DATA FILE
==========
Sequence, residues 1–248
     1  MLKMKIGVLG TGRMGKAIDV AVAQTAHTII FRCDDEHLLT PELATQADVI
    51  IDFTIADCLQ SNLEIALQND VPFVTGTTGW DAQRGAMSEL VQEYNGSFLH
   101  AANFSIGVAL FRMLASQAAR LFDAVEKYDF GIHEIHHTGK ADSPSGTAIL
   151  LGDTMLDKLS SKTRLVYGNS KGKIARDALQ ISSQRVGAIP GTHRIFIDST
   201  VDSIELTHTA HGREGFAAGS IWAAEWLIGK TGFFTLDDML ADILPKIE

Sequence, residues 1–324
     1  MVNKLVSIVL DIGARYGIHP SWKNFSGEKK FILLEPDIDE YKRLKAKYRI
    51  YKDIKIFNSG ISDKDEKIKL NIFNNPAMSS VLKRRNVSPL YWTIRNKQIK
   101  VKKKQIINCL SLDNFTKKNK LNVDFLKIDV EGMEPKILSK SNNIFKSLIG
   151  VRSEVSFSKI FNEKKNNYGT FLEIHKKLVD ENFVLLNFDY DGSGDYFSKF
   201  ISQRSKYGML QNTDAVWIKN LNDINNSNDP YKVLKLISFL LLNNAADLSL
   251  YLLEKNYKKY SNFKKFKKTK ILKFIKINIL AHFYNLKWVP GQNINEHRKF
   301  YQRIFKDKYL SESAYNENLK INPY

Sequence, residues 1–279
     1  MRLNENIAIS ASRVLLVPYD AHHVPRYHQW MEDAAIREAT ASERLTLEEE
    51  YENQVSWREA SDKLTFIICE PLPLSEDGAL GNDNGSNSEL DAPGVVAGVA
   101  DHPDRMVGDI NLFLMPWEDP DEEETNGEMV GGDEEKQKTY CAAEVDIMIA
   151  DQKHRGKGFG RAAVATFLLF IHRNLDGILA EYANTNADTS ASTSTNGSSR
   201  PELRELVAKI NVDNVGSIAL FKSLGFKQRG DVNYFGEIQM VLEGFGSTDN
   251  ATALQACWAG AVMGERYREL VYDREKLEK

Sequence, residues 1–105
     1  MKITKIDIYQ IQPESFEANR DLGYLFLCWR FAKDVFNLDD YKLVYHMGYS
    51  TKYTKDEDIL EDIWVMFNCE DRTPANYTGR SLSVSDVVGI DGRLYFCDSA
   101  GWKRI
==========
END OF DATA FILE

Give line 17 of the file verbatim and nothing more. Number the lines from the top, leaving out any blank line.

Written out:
    51  YENQVSWREA SDKLTFIICE PLPLSEDGAL GNDNGSNSEL DAPGVVAGVA